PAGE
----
As the participants in the Great March for Climate Action ended up in Washington, DC, on Nov. 1 after a six-month trek across the country, they joined with other environmental groups to launch a week of action under the banner Beyond Extreme Energy. The actions revolved around a series of blockades at the DC headquarters of the Federal Energy Regulatory Commission (FERC) with more than 100 people arrested.

Protestors gathered in DC outside FERC headquarters for the final day of protests this week.

Nonviolent direct actions began on Monday with 25 protestors arrested outside FERC's office while blockading the entrance with a giant sign depicting families impacted by fracking infrastructure greenlighted by FERC. Today was the final day of the actions intended to call attention to FERC's approval of projects that endanger communities and drive climate change, and demand a more inclusive and open hearing process.

On Wednesday, 5o activists from across the country blockaded FERC's offices, led by a group of students from Hampshire College in Massachusetts who came to D.C. specifically for the action, representing students and young people everywhere. Another 16 people were arrested.

“As students were in a particular position where our future is uncertain,” said Hampshire student Dineen O’Rourke, a student from Hampshire College. “We're ready to come together to resist the injustice FERC is serving us to our future and to communities already facing the brunt of the climate crisis."

Nonviolent direct actions began on Monday with 25 people arrested outside FERC's office in DC while blockading the entrance with a giant sign depicting families impacted by fracking infrastructure greenlighted by FERC.

"Yesterday's election was a demonstration of what happens when voters are fed up with politicians who talk without action," added Drew Hudson, director of Environmental Action. "On a night that otherwise favored conservative, anti-environment candidates, voter in the tiny community of Denton—in the heart of Texas oil country —chose to ban fracking. This movement that's shutting down FERC, shutting down Cove Point, and resisting in countless communities from New York to California is coming for the pundits and politicians. They had better get ready for us."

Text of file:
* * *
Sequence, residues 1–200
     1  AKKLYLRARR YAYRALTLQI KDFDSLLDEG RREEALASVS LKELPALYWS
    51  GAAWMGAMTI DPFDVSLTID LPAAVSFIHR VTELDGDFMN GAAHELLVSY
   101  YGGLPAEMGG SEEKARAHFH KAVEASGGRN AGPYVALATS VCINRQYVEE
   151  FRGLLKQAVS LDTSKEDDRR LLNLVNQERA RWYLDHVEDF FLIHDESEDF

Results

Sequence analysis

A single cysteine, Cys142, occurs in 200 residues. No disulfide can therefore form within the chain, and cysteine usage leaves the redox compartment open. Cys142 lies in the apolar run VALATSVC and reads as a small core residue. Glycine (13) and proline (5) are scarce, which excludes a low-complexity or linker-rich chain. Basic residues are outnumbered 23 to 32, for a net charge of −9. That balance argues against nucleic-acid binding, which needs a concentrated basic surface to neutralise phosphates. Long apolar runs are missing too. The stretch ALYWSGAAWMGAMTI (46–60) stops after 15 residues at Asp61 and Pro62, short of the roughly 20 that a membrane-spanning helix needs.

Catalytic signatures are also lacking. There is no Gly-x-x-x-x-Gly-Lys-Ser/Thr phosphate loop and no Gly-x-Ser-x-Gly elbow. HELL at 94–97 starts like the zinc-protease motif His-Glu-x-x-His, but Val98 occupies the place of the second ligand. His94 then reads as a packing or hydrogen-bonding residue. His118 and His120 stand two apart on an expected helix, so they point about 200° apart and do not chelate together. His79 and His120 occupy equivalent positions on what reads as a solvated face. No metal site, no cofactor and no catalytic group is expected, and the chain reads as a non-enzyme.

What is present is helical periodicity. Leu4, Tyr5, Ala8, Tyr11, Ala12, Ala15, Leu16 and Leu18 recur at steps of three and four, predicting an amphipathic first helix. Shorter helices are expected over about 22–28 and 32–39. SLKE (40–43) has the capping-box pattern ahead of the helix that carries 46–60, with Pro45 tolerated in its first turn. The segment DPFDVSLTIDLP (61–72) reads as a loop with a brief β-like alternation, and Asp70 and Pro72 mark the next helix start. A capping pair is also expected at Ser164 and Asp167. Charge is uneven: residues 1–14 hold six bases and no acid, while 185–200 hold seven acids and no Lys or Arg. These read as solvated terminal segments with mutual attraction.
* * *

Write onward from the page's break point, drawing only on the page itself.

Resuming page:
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Thursday, about 35 activists again shut down FERC's offices in a campaign led by Veterans for Peace and the National Campaign for Nonviolent Resistance, to coincide with the U.N. Day of Observance on War and the Environment, in a protest that included a silent vigil and a "die-in."

"The Pentagon is the single biggest consumer of fossil fuels in the entire world," said Army veteran and VFP and NCNR member Ellen Barfield.

"So protesting climate change and extreme energy recovery at drilling sites and so-called regulatory agencies is not enough. War, even just training for it, is of course massively destructive and wasteful. War is bad for the environment. Today, the 6th of November, is the United Nations day to acknowledge that fact every year and to call for the prevention of  what it calls the exploitation of the environment in war. Sadly though, UN admonitions have little effect on U.S. foreign policy. The very fracked gas Beyond Extreme Energy activists are protesting this week is being used as an economic weapon by the Obama administration, threatening Russian gas exports to Europe through Ukrainian pipelines."

Finally, on Friday, the protestors concluded with a blockade while families from Pennsylvania with talk about the impact fracking has had on their homes and communities.

The final protest included sit-ins, human carpets, banners, blockadia and an art prop created by the People's Puppets representing towns affected by the projects FERC has approved.

In addition to the blockades, protests and sit-ins at FERC headquarters, protests have taken place at Cove Point where FERC approved Maryland's Dominion Cove Point natural gas export facility located close to residential communities, at the Justice Department and the Department of Transportation, and at the headquarters of National Public Radio (NPR) to protest its ads from the oil and gas industries.

"In exchange for an undisclosed sum of money, NPR hosts like Steve Inskeep, Audie Cornish and Melissa Block routinely read misleading and outright false statements that encourage listeners to 'think about' the benefits of fracked gas," explained Hudson. "Not only are these ads offensive and inappropriate on public radio, they take up valuable air time at a moment that NPR has decided to cut it's energy and environment reporting staff by 80 percent."

"Just as the media have rejected money from the tobacco industry ... so should they reject these donations from fossil fuels," said Josh Fox, director of Gasland.

While the Week of Action may be over, environmental groups aren't planning to let up. On Monday, a group called Stopping Exports and Extraction Destruction (SEED) will hold a peaceful protest near the Cove Point facility.

Watch this video by Robert Brune of DC Media Group of the first day of actions at FERC headquarters:

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